On the oral examination students may pass outright, may pass conditionally, or may fail. The conditional student may be required to write an essay(s) or retake all or part of the oral examination. The student who fails the oral may petition the graduate committee to repeat the oral examination the following spring semester, but will not be allowed to register for courses during that semester.
3. Fourth-year dissertation prospectus. Each student is required to provide an extended and detailed dissertation prospectus to his or her dissertation committee. The prospectus, developed while the student is enrolled for ENGL 6941/2/3, must be turned in to the dissertation committee no later than the end of April of the fourth year.
The dissertation prospectus must be approved by all members of the student's dissertation committee. The approved prospectus, along with a prospectus cover sheet and approval form, must be turned in to the chair of graduate studies. The faculty committee that approves the prospectus must be the same as the dissertation committee. Any changes in the constitution of the dissertation committee must be approved by the graduate committee. Students may not enroll for dissertation until the prospectus has been approved by the dissertation committee and turned in to the chair of graduate studies.
4. Final comprehensive examination (dissertation defense). The candidate is required to take an oral comprehensive examination over the contents of the dissertation. This examination will be administered and evaluated by the members of the student's dissertation committee.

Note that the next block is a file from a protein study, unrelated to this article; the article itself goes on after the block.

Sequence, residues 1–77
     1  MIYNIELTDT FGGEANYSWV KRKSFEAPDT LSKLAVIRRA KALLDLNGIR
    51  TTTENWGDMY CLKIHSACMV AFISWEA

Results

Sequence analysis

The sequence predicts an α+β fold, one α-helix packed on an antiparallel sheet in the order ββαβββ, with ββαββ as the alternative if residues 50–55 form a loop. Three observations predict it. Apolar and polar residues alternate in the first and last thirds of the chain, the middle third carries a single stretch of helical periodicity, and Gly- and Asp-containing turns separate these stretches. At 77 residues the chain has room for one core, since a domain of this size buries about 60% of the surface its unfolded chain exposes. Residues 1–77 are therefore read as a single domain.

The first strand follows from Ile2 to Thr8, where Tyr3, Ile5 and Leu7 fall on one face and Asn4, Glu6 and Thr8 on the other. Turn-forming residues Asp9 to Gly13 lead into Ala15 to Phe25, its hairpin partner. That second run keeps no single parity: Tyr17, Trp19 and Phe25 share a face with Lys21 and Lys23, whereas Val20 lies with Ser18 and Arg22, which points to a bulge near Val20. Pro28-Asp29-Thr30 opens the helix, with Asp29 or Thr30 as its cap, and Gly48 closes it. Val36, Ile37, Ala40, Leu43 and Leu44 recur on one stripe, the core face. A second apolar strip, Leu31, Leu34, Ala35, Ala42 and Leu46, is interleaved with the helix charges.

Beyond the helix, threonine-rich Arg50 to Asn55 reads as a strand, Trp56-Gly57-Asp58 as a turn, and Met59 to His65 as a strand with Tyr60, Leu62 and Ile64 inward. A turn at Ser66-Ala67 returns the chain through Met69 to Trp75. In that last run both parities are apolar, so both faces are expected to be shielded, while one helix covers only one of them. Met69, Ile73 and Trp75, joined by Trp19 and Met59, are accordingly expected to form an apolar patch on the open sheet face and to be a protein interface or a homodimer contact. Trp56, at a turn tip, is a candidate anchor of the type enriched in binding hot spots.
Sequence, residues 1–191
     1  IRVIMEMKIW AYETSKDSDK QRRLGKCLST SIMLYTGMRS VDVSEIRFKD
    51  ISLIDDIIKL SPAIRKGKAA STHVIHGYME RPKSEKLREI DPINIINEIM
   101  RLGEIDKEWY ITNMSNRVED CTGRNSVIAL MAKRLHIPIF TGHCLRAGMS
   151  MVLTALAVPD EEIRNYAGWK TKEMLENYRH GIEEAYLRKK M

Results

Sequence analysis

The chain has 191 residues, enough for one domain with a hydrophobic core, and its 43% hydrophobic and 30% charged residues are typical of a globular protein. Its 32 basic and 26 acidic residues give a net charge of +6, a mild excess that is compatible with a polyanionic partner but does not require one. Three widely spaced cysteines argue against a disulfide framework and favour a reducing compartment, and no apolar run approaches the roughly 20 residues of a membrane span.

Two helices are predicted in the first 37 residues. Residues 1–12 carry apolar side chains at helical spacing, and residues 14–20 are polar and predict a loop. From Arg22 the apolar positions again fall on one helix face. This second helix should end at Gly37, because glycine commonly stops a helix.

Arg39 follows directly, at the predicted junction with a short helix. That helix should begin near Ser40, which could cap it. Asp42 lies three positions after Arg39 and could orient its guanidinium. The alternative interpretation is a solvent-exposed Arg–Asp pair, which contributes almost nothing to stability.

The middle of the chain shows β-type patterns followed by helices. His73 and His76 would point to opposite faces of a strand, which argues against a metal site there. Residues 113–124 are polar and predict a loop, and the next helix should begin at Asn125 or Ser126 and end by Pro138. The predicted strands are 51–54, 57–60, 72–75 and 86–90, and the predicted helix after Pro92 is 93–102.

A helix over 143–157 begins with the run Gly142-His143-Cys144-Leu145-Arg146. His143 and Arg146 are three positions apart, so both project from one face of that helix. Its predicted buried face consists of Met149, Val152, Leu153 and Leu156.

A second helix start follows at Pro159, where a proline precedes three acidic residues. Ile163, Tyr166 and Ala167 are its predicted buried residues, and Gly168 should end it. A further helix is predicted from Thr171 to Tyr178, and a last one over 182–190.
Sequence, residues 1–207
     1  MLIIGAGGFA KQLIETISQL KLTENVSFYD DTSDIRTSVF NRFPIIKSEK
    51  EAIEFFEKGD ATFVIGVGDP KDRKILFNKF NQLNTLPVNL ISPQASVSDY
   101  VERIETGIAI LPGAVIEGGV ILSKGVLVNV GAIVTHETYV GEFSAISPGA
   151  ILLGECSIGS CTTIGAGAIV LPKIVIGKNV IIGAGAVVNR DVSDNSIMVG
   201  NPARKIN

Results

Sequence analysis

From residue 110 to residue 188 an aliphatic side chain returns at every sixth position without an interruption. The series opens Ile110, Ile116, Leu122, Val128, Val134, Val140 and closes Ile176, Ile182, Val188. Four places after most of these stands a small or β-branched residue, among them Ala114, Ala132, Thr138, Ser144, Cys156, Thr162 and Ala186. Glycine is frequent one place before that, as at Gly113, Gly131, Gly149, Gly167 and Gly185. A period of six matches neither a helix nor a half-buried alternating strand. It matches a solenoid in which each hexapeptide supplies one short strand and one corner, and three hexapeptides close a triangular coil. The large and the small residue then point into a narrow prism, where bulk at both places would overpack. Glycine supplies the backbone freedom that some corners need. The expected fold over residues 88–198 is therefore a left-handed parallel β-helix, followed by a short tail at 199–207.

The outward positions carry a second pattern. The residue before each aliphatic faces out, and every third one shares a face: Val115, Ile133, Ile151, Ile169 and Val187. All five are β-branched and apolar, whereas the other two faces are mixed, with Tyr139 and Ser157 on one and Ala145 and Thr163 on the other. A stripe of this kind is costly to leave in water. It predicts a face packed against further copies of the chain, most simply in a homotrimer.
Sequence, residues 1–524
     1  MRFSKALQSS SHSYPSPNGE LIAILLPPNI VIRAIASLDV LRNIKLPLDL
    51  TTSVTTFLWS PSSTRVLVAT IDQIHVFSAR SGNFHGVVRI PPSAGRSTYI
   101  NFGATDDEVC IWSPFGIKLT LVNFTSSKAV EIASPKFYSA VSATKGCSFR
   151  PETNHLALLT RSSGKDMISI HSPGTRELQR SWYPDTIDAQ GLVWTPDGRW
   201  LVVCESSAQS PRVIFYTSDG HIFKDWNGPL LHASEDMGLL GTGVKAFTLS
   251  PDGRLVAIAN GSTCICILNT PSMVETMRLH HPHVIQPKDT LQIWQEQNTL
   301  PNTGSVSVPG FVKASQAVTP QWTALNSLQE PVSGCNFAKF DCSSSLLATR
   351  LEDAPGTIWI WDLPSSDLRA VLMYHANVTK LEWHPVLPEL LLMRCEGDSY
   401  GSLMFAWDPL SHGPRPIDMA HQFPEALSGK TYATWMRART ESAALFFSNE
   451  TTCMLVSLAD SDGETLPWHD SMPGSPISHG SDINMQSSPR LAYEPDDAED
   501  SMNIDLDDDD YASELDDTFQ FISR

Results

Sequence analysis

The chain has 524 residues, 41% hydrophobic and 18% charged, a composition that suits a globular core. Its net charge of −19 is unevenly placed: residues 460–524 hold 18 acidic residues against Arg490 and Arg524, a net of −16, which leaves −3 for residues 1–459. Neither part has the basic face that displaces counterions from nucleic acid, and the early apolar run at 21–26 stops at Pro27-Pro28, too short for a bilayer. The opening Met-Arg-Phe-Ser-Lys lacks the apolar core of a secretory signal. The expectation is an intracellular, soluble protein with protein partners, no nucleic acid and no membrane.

1. A dissertation is required of all candidates for the doctorate. The dissertation must be a work of original research and writing justifying the awarding of the doctoral degree.
2. Students cannot enroll for dissertation credit until the fourth year oral examination has been passed, foreign language requirements have been met, and the dissertation prospectus has been approved.
3. Students enrolled for dissertation credit must comply with the continuous enrollment policy set forth in appropriate sections of this bulletin.
4. The dissertation committee is composed of three faculty members. The dissertation will be directed by a qualified faculty member whose area of expertise is in the student's major area. Two other faculty members from the Department of English constitute the rest of the dissertation committee. Area advisers and the chair of graduate studies will assist students in the selection of the dissertation committee.
5. When the dissertation is completed and has received the preliminary approval of the
dissertation committee, the dissertation director will schedule the final comprehensive examination
(dissertation defense) and notify the chair of graduate studies in English and the dean of the Toulouse School of
Graduate Studies of the date and time of the examination. The dissertation will be submitted to the chair
of graduate studies in English only after this examination has been passed. After the approval of the chair
graduate studies in English has been secured, the dissertation will then be transmitted to the graduate dean's office and finally approved by the graduate dean.
6. Instructions for submitting the dissertation may be obtained from the graduate dean's office. Students should consult the Academic Calendar in the annual Graduate Catalog for deadlines.
All Courses of Instruction are located in one section at the back of this catalog.
The "Course and Subject Guide," found in the Courses of Instruction section of this book, serves as a table of contents and provides quick access to subject areas and prefixes.